I have one main comment that concerns paper's structure. I do not understand why the authors include in this paper the in-vitro results. They seem irrelevant to the point made, and even the authors themselves do not mention these results in the Abstract, nor discuss these data in the Discussion section. The only mentioned justification for the choice (i.e., showing that avalanches can arise solely from within cortex and sensitive to excitation-inhibition ratio) is somewhat weak given the wealth of cited in-vitro records showing exactly this (Beggs and Plenz, 2003, 2004; Shew et al., 2009; Pasquale et al., 2008; Stewart and Plenz, 2006). I do see how the in-vitro preparation helped calibrating the in vivo methodology (spiking activity and intracellular Ca dynamics), but this is described in the Methods section. Unless I missed something, the authors are encouraged to reconsider the inclusion of this section.https://doi.org/10.7554/eLife.07224.018
- Timothy Bellay
- Andreas Klaus
- Saurav Seshadri
- Dietmar Plenz
The funder had no role in study design, data collection and interpretation, or the decision to submit the work for publication.
We thank Samantha Chou for help with training of the rats, Dave Ide for help with the in vivo set up, Craig Stewart for help with preparing organotypic cultures, and Dr Rajarshi Roy and members of the Plenz lab for lively discussions. This research was supported by the Intramural Research Program of the National Institute of Mental Health, NIH, USA.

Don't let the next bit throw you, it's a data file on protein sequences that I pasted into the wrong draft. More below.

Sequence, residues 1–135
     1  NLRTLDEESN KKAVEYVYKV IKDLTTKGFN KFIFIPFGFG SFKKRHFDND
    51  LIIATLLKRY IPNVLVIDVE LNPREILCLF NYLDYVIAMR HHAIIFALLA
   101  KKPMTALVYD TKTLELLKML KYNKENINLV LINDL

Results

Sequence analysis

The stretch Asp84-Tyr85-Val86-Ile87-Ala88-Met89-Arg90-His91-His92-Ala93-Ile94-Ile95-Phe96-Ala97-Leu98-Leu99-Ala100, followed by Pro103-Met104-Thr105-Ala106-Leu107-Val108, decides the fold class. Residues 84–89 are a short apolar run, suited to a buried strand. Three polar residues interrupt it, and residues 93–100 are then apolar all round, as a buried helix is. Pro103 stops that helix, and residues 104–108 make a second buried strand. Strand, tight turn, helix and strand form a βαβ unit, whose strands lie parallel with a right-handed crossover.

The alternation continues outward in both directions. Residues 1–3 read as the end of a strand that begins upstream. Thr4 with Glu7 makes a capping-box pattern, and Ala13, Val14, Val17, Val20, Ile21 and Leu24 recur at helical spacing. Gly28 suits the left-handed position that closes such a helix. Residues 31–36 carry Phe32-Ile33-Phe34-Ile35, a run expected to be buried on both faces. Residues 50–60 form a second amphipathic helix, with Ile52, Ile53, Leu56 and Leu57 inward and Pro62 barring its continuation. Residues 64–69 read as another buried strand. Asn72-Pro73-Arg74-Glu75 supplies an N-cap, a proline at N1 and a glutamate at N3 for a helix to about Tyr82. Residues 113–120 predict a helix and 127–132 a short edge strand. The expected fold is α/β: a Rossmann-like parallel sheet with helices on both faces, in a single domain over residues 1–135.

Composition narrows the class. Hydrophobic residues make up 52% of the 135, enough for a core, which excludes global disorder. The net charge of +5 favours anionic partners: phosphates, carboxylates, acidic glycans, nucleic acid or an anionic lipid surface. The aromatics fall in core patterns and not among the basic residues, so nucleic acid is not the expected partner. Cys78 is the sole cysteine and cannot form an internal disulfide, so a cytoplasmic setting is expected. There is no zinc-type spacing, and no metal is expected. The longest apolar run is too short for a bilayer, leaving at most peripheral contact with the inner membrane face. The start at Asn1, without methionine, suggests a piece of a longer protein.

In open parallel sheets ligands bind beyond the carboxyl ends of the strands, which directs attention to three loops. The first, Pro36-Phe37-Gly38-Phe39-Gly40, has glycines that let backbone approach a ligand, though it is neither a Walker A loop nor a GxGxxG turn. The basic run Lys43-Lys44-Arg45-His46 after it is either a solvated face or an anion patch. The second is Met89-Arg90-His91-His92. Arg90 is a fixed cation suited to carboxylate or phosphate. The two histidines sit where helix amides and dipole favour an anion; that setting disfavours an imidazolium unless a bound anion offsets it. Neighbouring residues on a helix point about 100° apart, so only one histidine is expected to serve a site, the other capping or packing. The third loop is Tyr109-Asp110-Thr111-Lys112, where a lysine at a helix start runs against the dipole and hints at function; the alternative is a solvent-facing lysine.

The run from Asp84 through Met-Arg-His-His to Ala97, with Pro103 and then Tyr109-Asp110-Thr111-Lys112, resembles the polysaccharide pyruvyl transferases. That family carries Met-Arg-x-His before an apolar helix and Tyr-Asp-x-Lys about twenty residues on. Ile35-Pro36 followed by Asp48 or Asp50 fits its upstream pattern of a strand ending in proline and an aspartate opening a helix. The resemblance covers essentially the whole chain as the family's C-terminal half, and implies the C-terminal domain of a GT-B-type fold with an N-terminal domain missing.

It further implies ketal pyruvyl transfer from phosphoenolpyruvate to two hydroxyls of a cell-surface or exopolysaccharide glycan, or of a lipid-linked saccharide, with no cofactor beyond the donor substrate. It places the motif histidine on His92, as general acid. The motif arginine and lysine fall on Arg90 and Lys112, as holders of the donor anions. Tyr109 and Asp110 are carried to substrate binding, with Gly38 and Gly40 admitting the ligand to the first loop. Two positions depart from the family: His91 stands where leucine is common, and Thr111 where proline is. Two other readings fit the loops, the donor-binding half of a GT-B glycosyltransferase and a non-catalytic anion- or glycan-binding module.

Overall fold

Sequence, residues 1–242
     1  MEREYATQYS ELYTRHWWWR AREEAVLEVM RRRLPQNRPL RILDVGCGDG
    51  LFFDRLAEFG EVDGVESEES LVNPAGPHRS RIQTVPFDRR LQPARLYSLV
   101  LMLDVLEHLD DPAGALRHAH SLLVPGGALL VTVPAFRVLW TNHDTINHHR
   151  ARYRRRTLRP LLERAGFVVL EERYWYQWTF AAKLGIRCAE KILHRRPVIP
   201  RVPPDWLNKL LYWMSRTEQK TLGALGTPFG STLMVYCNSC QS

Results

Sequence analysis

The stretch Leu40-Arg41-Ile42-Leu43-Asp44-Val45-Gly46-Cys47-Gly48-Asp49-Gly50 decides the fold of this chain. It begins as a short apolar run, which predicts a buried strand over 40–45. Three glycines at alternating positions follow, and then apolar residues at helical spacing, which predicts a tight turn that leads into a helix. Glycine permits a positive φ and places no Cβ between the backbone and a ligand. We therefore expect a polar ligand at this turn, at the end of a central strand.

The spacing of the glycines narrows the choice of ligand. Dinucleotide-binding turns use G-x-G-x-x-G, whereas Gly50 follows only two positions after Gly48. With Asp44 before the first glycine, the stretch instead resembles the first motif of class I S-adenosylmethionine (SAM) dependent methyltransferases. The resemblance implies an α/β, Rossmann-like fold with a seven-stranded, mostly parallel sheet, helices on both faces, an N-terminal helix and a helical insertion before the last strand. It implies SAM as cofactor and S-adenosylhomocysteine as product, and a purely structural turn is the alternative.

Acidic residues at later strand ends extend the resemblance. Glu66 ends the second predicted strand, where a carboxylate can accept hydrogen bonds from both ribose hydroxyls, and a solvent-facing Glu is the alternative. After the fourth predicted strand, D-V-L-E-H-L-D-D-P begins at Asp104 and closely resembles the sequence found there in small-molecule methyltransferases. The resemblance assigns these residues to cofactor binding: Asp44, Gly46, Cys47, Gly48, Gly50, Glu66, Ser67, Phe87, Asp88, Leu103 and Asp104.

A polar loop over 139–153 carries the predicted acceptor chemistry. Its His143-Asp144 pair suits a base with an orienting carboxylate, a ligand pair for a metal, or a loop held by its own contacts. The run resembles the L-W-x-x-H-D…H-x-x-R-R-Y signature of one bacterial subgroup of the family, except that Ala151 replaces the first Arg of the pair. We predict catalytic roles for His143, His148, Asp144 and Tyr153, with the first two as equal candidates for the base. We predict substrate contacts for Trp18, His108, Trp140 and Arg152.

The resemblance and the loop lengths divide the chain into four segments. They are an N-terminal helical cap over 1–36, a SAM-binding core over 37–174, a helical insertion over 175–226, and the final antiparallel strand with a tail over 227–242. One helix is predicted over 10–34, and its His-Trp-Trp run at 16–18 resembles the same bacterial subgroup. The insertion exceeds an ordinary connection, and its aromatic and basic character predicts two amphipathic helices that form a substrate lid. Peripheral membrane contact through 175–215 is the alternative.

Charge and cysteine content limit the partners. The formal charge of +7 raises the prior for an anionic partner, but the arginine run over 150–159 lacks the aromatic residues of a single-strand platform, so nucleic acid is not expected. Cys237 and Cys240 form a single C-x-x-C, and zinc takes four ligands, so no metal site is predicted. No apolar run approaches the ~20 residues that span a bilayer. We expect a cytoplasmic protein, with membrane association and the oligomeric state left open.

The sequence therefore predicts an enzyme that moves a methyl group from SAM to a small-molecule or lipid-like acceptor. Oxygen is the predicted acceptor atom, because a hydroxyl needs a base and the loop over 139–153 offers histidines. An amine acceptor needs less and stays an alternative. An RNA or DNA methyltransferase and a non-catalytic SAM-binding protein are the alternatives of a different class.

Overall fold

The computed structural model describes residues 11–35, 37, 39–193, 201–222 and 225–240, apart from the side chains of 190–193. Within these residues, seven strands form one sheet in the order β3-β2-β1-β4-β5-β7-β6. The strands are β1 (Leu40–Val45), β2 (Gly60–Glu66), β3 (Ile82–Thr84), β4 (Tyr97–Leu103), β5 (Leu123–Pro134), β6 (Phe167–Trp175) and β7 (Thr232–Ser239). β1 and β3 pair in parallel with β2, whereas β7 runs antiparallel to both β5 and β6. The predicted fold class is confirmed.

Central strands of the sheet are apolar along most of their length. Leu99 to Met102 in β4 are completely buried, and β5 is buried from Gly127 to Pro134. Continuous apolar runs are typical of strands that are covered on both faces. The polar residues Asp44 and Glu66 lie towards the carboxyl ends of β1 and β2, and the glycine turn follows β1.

Animal experimentation: All animal procedures were approved by the National Institute of Mental Health Animal Care and Use Committee (protocol # LSN-01) and were carried out in accordance with National Institutes of Health guidelines.
- Frances K Skinner, Reviewing Editor, University Health Network, and University of Toronto, Canada
- Received: March 5, 2015
- Accepted: June 10, 2015
- Version of Record published: July 7, 2015 (version 1)
This is an open-access article, free of all copyright, and may be freely reproduced, distributed, transmitted, modified, built upon, or otherwise used by anyone for any lawful purpose. The work is made available under the Creative Commons CC0 public domain dedication.